Violin for kids: 5 things to know before you buy a violin for your kids
Has your child started showing an interest in playing the violin? Keep reading for some tips on buying a violin for the first time.
So, your child has finally decided to learn how to play the violin. Congratulations! As one of the most significant instruments, studying how to play the violin comes with tremendous value and lots of benefits for your child.
The violin is an instrument that requires a lot of patience and practice. The result from all the hard work is being able to create beautiful music and melodies. Through practice, your child will learn to be more disciplined and gain more confidence. This is beneficial in both school and in the future as these are important life skills.
However, buying a violin for kids is not that easy. There are plenty of things that you need to consider to make sure that you will make the most out of your investment.
The Violin size
Violins are available in various sizes, with sizes expressed in fractions. For a full size violin, the measurement is 4/4 and smaller violins tend to have smaller fractions.
When choosing your child’s violin, it is important to consider the length of the arm of the player. Make your child extend his arm out perpendicular from the body with the palm facing up. Start measuring from the neck of your child to the center of his or her wrist.
If there is one thing that you need to remember, it is that it is not advisable for you to choose a violin that is too big for your child now, hoping that she will grow into it. Do your research and find the suitable violin size for your child.
How do you tell if the violin that you are about to buy is of good quality? More tips on this on the next page.
Signs of a better quality violin
When buying a violin for kids, there are several factors that you need to look out for to ensure that you will make a sound decision.
Perfect dried wood
A good violin has properly dried wood; excessively dried wood might crack. Tonewoods, which are believed to have tonal properties and are therefore used for constructing stringed instruments, are only used by violin makers until these have completely dried. The drying period averages for seven years or more. As there is no special mark or sign on a tonewood violin, it is best to ask the shop staff about the type of wood the violin is made of.
A good violin has a purfling that is inlaid and not painted on. Purfling refers to the “stripe” running around the instrument’s edges. Its purpose is not solely for decoration, as it actually serves as a mechanism for protecting the instrument. If a crack develops, this will usually only run as far as the purfling before it stops, making the repair easier than when the crack runs all the way to the violin’s edge.
A better instrument should have tailpiece, fingerboard and pegs made from suitable hardwood. In most cases, this must be ebony. There are also some better quality boxwood and rosewood accessories. The painted softwoods are not recommended for these will wear quickly and may even cause you more trouble down the road.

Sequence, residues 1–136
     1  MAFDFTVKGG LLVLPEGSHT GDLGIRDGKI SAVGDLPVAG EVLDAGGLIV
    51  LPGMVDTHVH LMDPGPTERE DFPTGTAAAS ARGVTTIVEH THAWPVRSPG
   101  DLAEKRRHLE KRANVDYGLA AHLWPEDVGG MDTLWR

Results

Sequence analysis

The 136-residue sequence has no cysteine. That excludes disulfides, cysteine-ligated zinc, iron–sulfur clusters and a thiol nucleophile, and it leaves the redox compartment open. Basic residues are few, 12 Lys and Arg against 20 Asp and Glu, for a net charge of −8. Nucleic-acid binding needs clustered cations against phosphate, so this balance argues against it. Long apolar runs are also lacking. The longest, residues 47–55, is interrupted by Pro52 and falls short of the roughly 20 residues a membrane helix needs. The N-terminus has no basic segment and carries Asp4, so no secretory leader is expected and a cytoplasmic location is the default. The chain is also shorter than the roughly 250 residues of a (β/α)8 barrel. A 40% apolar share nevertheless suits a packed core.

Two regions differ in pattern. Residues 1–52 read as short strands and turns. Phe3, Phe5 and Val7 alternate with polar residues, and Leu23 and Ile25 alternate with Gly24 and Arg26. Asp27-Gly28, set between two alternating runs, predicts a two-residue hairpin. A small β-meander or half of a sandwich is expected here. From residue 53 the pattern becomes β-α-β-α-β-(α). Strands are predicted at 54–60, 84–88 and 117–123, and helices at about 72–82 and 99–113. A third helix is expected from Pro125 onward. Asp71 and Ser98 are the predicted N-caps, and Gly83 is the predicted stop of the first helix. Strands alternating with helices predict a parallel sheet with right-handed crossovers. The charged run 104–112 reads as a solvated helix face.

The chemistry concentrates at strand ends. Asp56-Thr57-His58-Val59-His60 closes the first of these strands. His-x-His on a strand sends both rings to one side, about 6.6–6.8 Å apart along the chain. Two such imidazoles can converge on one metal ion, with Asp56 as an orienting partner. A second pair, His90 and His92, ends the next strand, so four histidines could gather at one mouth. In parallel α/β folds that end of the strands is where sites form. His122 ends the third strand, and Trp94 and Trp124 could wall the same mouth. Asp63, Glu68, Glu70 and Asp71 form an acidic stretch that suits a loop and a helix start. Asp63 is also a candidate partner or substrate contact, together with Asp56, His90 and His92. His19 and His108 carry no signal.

Good violins have varnished and not painted pegbox. A pegbox is the head of the violin where the tuning pegs are attached. The image below shows the pegbox of a violin.
The best violins are those that are soundly crafted. There should be no gaps or cracks in all the seams of the instrument. If you see any hint of poor workmanship, better look for another option.
How much does a violin cost and where can you buy one? More details on the next page...
The last but definitely not the least consideration of a parent getting a violin for a child is the price. In this case, it is best for you to be more reasonable. Student violins usually have a price between $100 to $300 dollars, while the better ones are priced at $400 to $50,000. There are also decent enough violins at $500 to $600.
While it is not advisable to invest a lump sum of money for the instrument, it is also not recommended to just get the cheapest that you can find in stores and online shops. Always choose one that will give you the actual value of your money so that you can ensure that your child will have the best violin playing experience and at the same time, you will also be able to stick to your budget.
Going for the complete violin outfit
While it is possible to buy a violin all by itself, parents can also choose to get a complete outfit for their children.
Majority of student outfits are composed of the violin itself and a bow together with a cake of rosin. There are outfits that come with a humidifier that protects the violin from dry air, preventing cracking. It is best to go for a complete outfit for your child’s first violin.
Where to buy a good violin in Singapore
There are a number of violin shops in Singapore. Visit any of the following shop to help you find a suitable violin for your child:
Gramercy Music is a renowned violin shop located at 19, Ubi Crescent Singapore 408577. You can also purchase from their website.
For more information, contact them at +65 6749 9618.
JX Young is a string instrument distributor and manufacturer, conveniently located at 181 Orchard Road #05-40 Orchard Central Singapore 238896.
Call JX Young at +65 9754 3995 to find out more about their violins.
Synwin is a string instrument shop based in Singapore. Located at 6 Raffles Boulevard #03-117/ Marina Square Singapore 039594, Synwin is a music shop selling various string instruments such as violins and cellos.
To contact them for more information, call +65 6336 1366.
Article contributed by Lee Jin Rui, Founder of Violin Lessons Singapore